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September 30, 2023
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Rising Gas Prices Cause Warehouse Distribution Users to Rethink Location


By CBRE San Francisco Bay Area Research

The data and comments in this report were provided to us by CBRE San Francisco Bay Area Research as part of an ongoing column by the leading real estate services firm exclusive for

The nation’s gas prices have soared again. The average price per gallon for gas has risen to rates last seen at the peak of the credit crisis in 2008. For food and retail distribution companies in the Bay Area this increase has been particularly straining, as the rising price of diesel gas drives up transportation costs. Between September 2010 and April 2011 the price per gallon of diesel gas has risen from $2.84 to $4.40; a 55% increase in just over seven months. This increase has many local retailers like Macy’s, Nordstrom, Whole Foods and Snapple, preferring their current market locations in the East Bay as opposed to outlying submarkets when making decisions regarding the expansion or relocation of their warehouse distribution centers.

In the past, outlying submarkets such as the cities of Tracy and Fairfield were appealing to warehouse/distribution users for their low cost of labor, competitive rental rates and the many built-to-suit opportunities in the area. However, a majority of the goods these companies sell are shipped through the Port of Oakland. Both Tracy and Fairfield are over 40 miles from the Port of Oakland and the Bay Area urban centers, where many of the retail outlets can be found. With increased transportation costs, the distance from the Bay Area makes these outlying submarkets much less attractive in terms of overall cost.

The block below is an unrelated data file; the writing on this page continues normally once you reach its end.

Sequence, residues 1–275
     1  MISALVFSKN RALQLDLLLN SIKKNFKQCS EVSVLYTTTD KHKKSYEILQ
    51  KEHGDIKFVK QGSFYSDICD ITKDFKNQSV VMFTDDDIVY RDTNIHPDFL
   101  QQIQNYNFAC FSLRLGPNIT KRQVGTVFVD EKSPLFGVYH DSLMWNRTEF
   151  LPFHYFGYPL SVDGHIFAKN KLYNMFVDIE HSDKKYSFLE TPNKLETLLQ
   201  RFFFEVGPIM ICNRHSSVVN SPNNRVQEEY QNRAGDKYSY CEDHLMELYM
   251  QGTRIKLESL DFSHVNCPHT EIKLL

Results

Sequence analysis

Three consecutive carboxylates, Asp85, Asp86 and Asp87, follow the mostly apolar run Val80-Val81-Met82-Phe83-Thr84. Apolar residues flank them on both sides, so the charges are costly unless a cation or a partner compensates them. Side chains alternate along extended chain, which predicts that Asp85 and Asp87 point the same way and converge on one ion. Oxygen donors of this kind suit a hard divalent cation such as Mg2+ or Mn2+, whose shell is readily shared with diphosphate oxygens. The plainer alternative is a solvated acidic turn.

“Tenants have three major cost considerations -- labor, rent and transportation. When considering, for example, a warehouse in Tracy, tenants are looking at an additional $0.06 to $0.09 per square foot in transportation costs, making local submarkets such as Richmond, Hayward and Union City far more economical options,” explains Doug Norton, Senior Vice President at CB Richard Ellis’ Oakland office and member of the company’s Port Logistics Advisory Group. Although traditionally labor and rental costs are higher in these local submarkets, the financial strain of higher diesel prices does not outweigh the benefits of staying local.

A decline in gas prices is not anticipated in the foreseeable future and, as a result, the cost of inbound and outbound transportation will increase. Because of this, it is predicted that warehouse/distribution tenants in this market will find relief by staying within 10 to 20 miles of the Port and their stores.

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